What a day (so far)! After waking up well-rested at 8:30 and reliving another satiating homemade breakfast, we headed out into a chilly and rainy morning in Istanbul. We ambled around the hippodrome, which is home to a formidable handful of significant little landmarks, such as the Egyptian Obelisk (or the Obelisk of Theodosius); a spire-like statue that’s actually been brought down from Delphi; and some other minor monuments we failed to make note of but can be read about in more detail here. (I’m not sure which is cooler, the Milion, or the fountain gift from Kaiser Wilhelm. How neat is it to be able to casually stroll around pieces of architecture that have been around since the 10th century?) The Hippodrome also plays host to dozens of Turkish peddlers who will unfailingly shout at you and, if you’re lucky, follow you around asking if you’re from Somalia.
The Blue Mosque is located right next to the Hippodrome, so we anxiously climbed the steps only to be turned away, as it was prayer time. Bummed but still optimistic, we ventured a slight ways up the street to the Ayasofya Church, which was actually a monastery before it was a church, and a mosque after it was a church. The interior was lovely, but not quite as “majestic” as the Lonely Planet raved. Still, the mosaics were nice, and Ayasofya was truly the paragon of Istanbul itself, a strange and lovely amalgam of East and West, Islam and Christianity.
The sun peeked out from the cloud cover as we left and walked 40 meters up the street to the Basilica Cistern, which was dark and dimly lit (to be expected, as it’s underground). Aside from the abnormally large fish floating in its depths, it was very cool. Susannah is a fan of donning culturally relevant costumes in the places she visits, so we paid 12 Turkish Lira (about $6 US) to put on some authentic Turkish regalia and pose on a throne.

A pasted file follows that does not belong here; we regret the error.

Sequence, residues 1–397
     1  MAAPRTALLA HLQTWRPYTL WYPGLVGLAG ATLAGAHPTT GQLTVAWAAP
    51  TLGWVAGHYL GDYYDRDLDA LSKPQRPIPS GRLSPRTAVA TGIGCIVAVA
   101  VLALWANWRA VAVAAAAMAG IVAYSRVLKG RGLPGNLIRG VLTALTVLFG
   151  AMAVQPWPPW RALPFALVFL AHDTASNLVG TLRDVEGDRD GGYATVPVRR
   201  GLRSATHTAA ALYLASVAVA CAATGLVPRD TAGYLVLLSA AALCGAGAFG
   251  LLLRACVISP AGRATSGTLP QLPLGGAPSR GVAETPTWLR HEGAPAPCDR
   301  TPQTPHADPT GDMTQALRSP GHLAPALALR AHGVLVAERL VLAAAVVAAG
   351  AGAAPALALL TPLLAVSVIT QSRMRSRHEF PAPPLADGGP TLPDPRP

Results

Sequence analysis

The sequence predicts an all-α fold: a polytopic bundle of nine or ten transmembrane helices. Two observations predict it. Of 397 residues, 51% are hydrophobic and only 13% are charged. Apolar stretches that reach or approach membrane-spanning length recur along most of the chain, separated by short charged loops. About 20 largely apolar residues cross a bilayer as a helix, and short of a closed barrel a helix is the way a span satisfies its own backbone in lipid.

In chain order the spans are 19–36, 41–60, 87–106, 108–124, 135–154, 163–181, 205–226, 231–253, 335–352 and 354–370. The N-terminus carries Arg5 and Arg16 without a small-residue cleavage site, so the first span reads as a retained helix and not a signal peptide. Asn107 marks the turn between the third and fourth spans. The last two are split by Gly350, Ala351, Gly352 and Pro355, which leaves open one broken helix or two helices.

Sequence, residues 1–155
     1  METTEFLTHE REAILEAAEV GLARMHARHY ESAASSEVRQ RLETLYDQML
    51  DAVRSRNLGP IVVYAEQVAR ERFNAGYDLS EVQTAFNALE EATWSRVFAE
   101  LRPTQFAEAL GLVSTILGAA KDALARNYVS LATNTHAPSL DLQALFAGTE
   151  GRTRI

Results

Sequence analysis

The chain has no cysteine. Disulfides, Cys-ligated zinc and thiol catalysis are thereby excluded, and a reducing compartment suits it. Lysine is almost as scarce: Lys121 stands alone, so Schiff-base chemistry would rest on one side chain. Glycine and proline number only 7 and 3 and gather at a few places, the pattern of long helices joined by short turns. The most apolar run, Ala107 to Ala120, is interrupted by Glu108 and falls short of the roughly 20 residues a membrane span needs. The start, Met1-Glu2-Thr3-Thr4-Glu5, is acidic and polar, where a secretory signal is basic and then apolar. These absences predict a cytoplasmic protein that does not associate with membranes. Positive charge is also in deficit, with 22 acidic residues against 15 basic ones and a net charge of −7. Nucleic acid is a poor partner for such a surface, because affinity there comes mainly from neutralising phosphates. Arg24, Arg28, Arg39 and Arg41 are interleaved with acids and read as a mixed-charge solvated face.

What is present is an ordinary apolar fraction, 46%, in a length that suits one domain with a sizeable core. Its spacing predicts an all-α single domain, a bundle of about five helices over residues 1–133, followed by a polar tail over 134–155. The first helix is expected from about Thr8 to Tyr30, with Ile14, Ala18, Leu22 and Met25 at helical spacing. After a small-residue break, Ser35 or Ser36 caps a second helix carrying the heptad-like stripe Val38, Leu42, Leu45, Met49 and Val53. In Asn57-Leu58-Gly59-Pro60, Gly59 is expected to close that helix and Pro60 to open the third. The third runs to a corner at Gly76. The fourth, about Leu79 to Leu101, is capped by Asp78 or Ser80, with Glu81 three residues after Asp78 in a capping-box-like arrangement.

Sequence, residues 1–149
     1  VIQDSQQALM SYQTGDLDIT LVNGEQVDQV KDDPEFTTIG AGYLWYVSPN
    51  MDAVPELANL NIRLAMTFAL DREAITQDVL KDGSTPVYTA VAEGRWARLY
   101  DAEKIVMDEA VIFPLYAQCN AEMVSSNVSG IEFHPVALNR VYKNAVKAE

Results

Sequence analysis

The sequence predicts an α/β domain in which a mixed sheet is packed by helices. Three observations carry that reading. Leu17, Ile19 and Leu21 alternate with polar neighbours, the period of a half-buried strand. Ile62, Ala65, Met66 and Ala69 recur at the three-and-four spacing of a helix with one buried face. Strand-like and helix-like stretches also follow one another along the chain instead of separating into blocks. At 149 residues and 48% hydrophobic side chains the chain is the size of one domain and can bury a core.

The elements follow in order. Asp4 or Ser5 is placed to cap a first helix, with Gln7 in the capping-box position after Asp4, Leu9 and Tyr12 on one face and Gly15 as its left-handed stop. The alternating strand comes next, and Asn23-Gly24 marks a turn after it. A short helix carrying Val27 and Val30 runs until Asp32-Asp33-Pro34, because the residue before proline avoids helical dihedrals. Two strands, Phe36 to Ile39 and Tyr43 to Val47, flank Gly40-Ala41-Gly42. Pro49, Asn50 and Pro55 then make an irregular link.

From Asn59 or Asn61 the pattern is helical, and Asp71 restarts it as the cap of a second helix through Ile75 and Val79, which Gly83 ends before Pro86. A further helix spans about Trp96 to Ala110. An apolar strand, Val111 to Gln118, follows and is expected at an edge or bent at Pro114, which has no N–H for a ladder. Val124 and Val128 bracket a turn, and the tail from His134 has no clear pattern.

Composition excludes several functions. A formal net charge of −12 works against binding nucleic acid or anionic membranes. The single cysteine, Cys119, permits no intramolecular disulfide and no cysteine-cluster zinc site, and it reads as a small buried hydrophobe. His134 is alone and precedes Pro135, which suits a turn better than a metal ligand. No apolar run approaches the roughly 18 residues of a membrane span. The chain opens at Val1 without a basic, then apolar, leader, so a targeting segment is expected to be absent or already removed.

After touring the Basilica Cistern, we bought six pairs of earrings each at a sidewalk shop. Then we traveled just a bit further up the street to Topkapi Palace, which looked very beautiful in the afternoon sun. We also saw grass and nourished-looking animals, so we knew we weren’t in Cairo anymore (and we killed a witch on the way in, so that, too).
Hungry and down to try some Turkish coffee, we stopped at a nice cafe with a creepy man outside who asked where we were from multiple times (we kept telling people Egypt, but they always replied with, ‘Are you sure?’ so we resorted to the truth. One man, to his delight, kept asking if we were from Somalia. Turkish humor?) We feasted on kebab, hummus, and Turkish coffee, which was grainy and had the texture of potting soil. We took photos of each other sipping the sluggish beverage until we noticed the creepy man pressed up against the glass next to us. It was discomforting. This was magnified by our waiter’s constant, “Pleasure” in response to our thank you’s, which he spoke in several different ways, drawn out, gravelly, etc.
Stuffed – we had also tried sinit, a ring-shaped sesame bread – we returned to the Blue Mosque, passin ga tour bus where earlier, our cold responses had earned us an angry “Rude girls!” from a tour employee. (It’s hard to be polite when men think it’s socially acceptable to follow you down the sidewalk nagging you with questions and prying their way into your conversation. Can we talk about what rude means?)